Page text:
March 2018: Brain and Nerve, Shinkei Kenkyū No Shinpo
Stephen C Gale, JoAnn Peters, Jason S Murry, Jessica S Crystal, Viktor Y Dombrovskiy
Background: Late middle age (LMA), is a watershed between youth and old age, with unique physical and social changes and declines in vitality, but a desire to remain active despite increasing comorbidity. While post-injury outcomes in the elderly are well studied, little is known regarding LMA patients. We analyzed the injured LMA population admitted to a rural, regional Level 1 Trauma Center relative to outcomes for both younger and older patients. Materials and methods: Our registry was queried retrospectively for patients admitted 7/2008- 12/2015; they were divided into three cohorts: 18-54, 55-65, and >65 years...
March 2018: Annals of Medicine and Surgery
Angela Atinga, Andreas Shekkeris, Michael Fertleman, Nicola Batrick, Elika Kashef, Elizabeth Dick
Major Trauma Centres and Emergency Departments are treating an increasing number of geriatric trauma patients in the UK. Elderly patients, generally defined as those over the age of 65 years, are more susceptible to injury from lesser mechanisms of trauma than younger adults. The number of geriatric trauma cases is rising yearly, accounting for > 25% of all major trauma cases nationally. The elderly have different physiological reserves and a different response to trauma, due to premorbid frailty, co-existing conditions and prescribed medication...
March 6, 2018: British Journal of Radiology
Navpreet K Dhillon, Joshua Tseng, Galinos Barmparas, Megan Y Harada, Ara Ko, Eric J T Smith, Gretchen M Thomsen, Eric J Ley
BACKGROUND: Traumatic brain injury (TBI) is a leading cause of morbidity and mortality in the United States, especially in the elderly, who have the highest rates of TBI-related hospitalizations and deaths among all age groups. Sepsis is one of many risk factors that is associated with higher mortality and longer length of hospital stay in this population partially due to the immunosuppressive effects of TBI. The significance of early indicators of infection, such as a positive blood, sputum, or urine culture, is not well described...
April 2018: Journal of Surgical Research
Mark Krauthammer, Amir Shuster, Daphna Mezad-Koursh, Benjamin Shlomi, Chaim Stolovitch, Igal Leibovitch
Purpose: To demonstrate an unusual case of orbital trauma due to dental surgery complication. Observations: An elderly patient who underwent dental implantation to the zygomatic bone was hospitalized in the ophthalmology department with impaired abduction of her right eye, also evident on ocular examination. Head computed tomography demonstrated damage to the lateral rectus and to the inferior oblique muscles. Clinical assessment determined these muscles could not be repaired and reattached...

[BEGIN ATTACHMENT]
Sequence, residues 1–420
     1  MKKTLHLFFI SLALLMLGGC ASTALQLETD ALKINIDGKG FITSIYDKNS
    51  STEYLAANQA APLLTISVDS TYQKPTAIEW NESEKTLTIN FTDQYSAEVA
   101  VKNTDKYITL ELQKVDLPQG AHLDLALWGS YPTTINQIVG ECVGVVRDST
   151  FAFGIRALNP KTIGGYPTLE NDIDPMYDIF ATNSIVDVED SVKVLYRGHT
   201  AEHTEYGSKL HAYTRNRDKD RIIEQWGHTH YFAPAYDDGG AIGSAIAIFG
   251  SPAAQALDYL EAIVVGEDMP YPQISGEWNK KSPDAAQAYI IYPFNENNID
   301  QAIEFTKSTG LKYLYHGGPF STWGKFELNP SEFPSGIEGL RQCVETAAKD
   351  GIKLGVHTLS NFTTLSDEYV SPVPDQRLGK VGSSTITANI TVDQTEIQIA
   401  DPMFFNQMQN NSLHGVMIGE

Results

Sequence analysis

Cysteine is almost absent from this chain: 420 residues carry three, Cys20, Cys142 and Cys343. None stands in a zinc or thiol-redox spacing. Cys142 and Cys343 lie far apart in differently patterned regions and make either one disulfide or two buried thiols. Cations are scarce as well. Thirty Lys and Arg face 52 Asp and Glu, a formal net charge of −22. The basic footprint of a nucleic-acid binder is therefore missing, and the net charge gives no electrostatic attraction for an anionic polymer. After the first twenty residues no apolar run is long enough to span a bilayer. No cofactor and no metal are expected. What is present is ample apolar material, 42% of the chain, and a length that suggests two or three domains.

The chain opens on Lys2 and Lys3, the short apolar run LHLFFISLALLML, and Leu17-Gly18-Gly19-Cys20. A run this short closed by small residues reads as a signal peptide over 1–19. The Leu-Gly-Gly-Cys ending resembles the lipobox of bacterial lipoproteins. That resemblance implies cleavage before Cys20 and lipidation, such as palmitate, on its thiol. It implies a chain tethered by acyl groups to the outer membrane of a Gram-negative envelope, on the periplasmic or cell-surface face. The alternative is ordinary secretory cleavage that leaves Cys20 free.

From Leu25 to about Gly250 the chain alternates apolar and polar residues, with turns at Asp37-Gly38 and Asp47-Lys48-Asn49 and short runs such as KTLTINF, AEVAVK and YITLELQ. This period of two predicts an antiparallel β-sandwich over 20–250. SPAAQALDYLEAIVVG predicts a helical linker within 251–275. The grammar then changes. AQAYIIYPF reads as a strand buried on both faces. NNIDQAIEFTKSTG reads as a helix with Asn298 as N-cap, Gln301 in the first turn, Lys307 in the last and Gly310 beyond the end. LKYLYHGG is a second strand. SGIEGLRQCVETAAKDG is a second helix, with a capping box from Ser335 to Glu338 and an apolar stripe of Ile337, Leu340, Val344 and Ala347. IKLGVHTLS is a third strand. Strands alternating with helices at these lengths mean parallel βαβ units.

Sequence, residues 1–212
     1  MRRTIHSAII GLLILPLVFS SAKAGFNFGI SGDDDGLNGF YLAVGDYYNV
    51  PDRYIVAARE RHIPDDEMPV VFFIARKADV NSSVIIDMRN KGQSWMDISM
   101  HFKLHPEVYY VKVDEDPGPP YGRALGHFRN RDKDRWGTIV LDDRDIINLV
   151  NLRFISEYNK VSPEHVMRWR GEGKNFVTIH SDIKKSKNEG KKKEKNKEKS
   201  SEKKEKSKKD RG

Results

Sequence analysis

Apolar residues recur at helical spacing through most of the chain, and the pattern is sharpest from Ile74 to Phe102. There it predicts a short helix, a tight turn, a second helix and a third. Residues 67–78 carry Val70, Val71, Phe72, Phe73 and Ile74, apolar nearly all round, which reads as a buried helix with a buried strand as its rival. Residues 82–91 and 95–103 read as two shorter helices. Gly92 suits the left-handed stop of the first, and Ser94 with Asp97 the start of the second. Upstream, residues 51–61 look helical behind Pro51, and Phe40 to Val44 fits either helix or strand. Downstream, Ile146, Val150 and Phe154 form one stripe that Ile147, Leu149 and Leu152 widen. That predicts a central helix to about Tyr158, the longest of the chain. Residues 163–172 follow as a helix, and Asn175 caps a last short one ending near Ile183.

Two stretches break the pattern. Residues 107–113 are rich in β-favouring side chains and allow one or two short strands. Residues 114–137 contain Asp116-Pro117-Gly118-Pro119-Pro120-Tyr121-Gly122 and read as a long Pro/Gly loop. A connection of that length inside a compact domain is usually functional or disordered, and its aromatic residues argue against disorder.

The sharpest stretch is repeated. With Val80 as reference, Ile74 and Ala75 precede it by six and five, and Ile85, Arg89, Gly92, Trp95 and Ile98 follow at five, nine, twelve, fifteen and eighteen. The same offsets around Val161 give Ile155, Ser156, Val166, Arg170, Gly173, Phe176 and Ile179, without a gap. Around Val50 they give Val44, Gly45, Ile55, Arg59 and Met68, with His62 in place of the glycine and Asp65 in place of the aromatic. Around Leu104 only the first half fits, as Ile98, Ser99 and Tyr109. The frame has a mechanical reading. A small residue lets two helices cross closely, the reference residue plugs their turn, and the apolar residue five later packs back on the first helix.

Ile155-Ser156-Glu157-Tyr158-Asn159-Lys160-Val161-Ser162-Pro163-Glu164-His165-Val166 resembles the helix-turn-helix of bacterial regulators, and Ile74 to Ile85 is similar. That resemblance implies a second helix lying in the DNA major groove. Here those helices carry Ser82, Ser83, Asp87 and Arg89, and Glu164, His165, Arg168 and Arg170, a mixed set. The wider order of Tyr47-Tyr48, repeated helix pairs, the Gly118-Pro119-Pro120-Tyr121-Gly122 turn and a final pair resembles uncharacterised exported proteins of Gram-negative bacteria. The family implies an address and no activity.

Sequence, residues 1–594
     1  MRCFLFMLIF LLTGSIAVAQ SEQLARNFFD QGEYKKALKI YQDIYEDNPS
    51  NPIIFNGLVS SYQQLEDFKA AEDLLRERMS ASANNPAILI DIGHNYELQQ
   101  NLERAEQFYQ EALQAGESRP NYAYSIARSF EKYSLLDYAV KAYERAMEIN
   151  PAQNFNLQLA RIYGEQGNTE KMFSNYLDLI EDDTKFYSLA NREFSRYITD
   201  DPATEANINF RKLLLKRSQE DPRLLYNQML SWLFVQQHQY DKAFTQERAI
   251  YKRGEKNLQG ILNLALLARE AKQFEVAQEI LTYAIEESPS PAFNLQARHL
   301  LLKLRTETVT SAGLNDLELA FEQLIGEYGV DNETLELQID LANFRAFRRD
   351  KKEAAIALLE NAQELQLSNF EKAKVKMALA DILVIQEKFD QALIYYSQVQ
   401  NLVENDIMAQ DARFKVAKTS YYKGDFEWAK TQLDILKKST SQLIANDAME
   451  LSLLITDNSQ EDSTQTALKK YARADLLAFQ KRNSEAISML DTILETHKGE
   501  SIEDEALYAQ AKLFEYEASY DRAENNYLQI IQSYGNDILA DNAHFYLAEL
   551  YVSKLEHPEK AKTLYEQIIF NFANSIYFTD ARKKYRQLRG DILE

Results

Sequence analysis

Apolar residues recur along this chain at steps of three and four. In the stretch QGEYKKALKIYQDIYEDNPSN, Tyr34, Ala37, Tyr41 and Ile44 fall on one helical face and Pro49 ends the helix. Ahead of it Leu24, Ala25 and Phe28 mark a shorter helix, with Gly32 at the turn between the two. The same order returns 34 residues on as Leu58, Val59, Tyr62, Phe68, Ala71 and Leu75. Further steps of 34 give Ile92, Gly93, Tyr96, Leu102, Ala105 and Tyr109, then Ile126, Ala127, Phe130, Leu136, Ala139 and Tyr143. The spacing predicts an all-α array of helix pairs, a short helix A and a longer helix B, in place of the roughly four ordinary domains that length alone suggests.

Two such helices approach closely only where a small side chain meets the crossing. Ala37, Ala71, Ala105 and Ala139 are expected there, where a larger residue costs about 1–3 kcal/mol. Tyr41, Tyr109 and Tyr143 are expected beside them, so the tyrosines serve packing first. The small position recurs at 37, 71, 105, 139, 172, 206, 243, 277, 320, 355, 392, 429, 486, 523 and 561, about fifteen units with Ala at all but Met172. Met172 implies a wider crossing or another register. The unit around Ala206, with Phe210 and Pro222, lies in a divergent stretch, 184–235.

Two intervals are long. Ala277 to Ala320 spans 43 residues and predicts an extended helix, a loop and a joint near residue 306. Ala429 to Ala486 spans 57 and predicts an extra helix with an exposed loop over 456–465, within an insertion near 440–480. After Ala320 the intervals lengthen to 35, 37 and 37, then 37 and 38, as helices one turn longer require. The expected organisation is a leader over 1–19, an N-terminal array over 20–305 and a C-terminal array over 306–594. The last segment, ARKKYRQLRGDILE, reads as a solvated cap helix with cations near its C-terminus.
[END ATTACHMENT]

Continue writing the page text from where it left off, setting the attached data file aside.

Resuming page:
April 2017: American Journal of Ophthalmology Case Reports
Elinore J Kaufman, Ashkan Ertefaie, Dylan S Small, Daniel N Holena, M Kit Delgado
BACKGROUND: Head injury is an increasing contributor to death and disability, particularly amongst the elderly. Older patients are less likely to be treated at trauma centers, and head injury is the most common severe injury treated at non-trauma centers. We hypothesized that patients initially triaged to trauma centers would have lower rates of mortality and higher rates of discharge home without services than those treated at non-trauma centers. STUDY DESIGN: We used the State Emergency Department and Inpatient Databases for six states, 2011-2012 to conduct a retrospective cohort study of patients with severe, isolated head injury...
February 14, 2018: Journal of the American College of Surgeons
Abdullah Bin Zahid, David Balser, Rebekah Thomas, Margaret Y Mahan, Molly E Hubbard, Uzma Samadani
OBJECTIVE Chronic subdural hematoma (cSDH) is a highly morbid condition associated with brain atrophy in the elderly. It has a reported 30% 1-year mortality rate. Approximately half of afflicted individuals report either no or relatively unremarkable trauma preceding their diagnosis, raising the possibility that cSDH is a manifestation of degenerative or inflammatory disease rather than trauma. The purpose of this study was to compare the rates of cerebral atrophy before and after cSDH to determine whether it is more likely that cSDH causes atrophy or that atrophy causes cSDH...
March 2, 2018: Journal of Neurosurgery
Stefano Carbone, Riccardo Mezzoprete, Matteo Papalia, Valerio Arceri, Andrea Carbone, Stefano Gumina
OBJECTIVE: The objectives of the study were: a) to identify osteoporotic proximal humerus fractures in a large consecutive series of patients; b) to identify radiographic fracture patterns among osteoporotic and non-osteoporotic proximal humerus fractures; and c) to calculate intra- and inter-observer reliability of assessment of osteoporosis and of radiographic fracture patterns. METHODS: This was a prospective observational study of patients admitted to the emergency department affected by a proximal humerus fracture between June 2014 and June 2016...